The Roar
The Roar


Believe it or not, there is a life after footy

21st May, 2015

The criticism Kane Cornes received when he announced he was quitting football to pursue a career in the fire brigade is hard to fathom.

A number of ex-players have been extremely vocal, using their positions in the media to accuse Cornes of being selfish for deserting his club.

Among them were Matthew Lloyd, Tony Shaw and Mark Ricciuto. All three were of the view that Cornes considered himself above his teammates by even entertaining the idea that he should leave mid-season to secure a job elsewhere.

“I think he has let his teammates and Port Adelaide down,” stated Lloyd. “I think there is a premiership to be won. You commit to your team, so you don’t do this at Round 6.”

“You commit, or you don’t commit,” ranted Shaw. “I think this is a selfish attitude.”

“If he chooses to abandon his teammates and his club midway through the season for an opportunity to join the fire brigade or the media it undoes everything that he’s stood for or what he should stand for,” moralised Ricciuto. “It would smack of putting the individual before the team, which is not what good players or clubs are about.”

Even the chief football writer for the Adelaide Advertiser, Michelangelo Rucci, stuck the boot in.

“The message will be Cornes – in a selfish way – put his name in the club’s AFL record books, took a bow for individual glory and then left others to finish the team job of chasing an AFL premiership,” he wrote, obviously put out by the fact that Port are going to allow Cornes to retire after his 300th game this weekend.


That’s pretty tough for a player who has been at the club since almost day dot, played 300 games, won four best and fairest awards, been a premiership player, and a two-time All Australian.

It’s also harsh to criticise a bloke who is trying to secure a viable future for himself and his family post-football, especially when the criticism comes from blokes already in cushy jobs with their financial and vocational futures assured.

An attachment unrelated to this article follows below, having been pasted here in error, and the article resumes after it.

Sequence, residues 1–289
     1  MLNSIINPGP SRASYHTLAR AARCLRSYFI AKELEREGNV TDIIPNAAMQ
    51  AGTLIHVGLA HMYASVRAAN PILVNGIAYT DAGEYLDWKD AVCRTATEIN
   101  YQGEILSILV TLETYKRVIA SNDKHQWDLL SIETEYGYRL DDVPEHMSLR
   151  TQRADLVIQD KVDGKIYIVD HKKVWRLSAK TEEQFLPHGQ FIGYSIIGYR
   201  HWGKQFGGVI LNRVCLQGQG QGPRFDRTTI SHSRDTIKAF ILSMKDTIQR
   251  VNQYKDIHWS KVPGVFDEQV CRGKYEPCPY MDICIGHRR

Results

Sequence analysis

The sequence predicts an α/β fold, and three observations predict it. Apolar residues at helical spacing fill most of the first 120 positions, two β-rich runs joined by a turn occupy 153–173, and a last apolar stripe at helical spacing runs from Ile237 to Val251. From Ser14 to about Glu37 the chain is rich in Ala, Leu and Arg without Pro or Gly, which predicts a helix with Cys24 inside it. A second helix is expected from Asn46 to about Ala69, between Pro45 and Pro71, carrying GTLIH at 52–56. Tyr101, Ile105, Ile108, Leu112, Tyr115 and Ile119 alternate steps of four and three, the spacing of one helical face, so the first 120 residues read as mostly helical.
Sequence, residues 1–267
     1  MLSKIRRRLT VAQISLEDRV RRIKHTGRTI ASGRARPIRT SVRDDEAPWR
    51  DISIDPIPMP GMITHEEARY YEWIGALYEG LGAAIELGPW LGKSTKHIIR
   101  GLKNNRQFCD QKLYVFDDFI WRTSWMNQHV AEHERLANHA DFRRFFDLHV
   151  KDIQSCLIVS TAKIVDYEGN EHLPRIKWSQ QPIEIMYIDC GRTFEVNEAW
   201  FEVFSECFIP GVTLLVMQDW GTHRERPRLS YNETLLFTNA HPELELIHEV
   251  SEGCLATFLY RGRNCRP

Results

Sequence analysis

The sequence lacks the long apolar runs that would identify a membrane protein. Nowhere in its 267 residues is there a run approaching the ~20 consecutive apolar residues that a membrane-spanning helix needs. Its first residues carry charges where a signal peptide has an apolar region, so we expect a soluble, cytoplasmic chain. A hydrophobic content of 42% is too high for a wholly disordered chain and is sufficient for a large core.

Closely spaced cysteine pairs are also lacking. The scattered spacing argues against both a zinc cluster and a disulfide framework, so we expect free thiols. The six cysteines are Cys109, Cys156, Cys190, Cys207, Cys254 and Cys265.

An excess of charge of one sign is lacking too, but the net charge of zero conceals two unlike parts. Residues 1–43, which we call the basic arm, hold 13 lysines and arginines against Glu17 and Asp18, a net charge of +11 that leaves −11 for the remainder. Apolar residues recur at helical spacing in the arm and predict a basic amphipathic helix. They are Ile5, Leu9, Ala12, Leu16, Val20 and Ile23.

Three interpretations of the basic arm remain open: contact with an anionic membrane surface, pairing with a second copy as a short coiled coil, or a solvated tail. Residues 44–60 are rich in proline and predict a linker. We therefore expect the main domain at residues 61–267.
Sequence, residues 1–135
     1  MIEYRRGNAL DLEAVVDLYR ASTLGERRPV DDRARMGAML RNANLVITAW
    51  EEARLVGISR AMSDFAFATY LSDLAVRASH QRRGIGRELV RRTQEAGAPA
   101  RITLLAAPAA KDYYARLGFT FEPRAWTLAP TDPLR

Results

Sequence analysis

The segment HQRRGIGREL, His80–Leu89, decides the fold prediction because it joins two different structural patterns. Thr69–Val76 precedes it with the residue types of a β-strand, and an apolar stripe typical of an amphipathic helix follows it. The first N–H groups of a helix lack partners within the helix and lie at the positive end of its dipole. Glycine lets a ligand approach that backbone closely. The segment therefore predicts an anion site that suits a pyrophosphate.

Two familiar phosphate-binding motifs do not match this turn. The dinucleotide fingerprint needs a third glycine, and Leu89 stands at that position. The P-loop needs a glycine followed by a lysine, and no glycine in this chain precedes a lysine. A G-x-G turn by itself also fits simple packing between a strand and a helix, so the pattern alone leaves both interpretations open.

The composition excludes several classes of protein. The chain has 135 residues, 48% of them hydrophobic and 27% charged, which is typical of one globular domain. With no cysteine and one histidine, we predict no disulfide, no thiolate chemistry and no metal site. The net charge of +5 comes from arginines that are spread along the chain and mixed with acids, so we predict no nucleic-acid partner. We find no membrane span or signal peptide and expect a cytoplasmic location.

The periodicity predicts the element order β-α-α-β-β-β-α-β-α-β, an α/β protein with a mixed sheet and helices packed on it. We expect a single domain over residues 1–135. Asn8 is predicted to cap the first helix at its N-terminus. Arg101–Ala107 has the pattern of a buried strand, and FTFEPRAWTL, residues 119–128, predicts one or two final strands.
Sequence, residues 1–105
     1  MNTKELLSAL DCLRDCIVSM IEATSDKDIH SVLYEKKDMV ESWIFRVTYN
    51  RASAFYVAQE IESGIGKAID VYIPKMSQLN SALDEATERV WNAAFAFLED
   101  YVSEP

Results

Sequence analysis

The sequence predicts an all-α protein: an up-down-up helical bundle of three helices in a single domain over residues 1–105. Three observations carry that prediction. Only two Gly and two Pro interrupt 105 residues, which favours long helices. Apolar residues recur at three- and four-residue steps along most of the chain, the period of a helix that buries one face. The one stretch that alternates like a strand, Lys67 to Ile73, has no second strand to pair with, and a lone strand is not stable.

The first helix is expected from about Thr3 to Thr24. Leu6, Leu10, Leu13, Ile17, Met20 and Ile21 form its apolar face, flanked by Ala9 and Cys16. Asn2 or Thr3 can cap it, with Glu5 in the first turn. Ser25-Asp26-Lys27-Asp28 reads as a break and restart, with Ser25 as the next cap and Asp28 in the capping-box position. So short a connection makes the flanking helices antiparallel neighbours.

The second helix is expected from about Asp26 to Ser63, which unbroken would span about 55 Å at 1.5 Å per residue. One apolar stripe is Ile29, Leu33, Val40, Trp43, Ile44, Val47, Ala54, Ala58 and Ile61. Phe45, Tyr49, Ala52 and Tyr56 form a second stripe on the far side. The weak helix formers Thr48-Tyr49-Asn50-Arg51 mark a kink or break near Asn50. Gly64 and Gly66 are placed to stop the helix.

If Cornes wants to become a professional fireman, he has to act now. He has no choice as the position can’t be deferred. It’s either take it now or let it lapse.

Should he sacrifice that opportunity because of some misguided loyalty or fear of damaging team spirit? Of course he shouldn’t, especially at 32 years old and with only a handful of games left in him anyway.

Sure he could play out the year, but then what? There is no guarantee that Port Adelaide would keep him on in any capacity afterward, and not every player can – or wants to – move into the media once their playing days are over.

The sporting world is chock full of former participants who are lost souls, either struggling to cope with the concept that they are past their prime or, worse still, with no training or experience to take on another job.

Cornes won’t be one of them.


That he has been pro-active in securing a positive future is something be to applauded, not derided.

This is a good news story if ever there was one, the story of a champion footballer who made good off the field as well as on. It is just a shame that his critics can’t see it.

Perhaps they too need to spend some time outside of the insular world of league football to realise that other lives and options do exist.

It may come as a shock to them, but sometimes football isn’t everything.

Bravo Kane Cornes, you are worth more than all of them put together!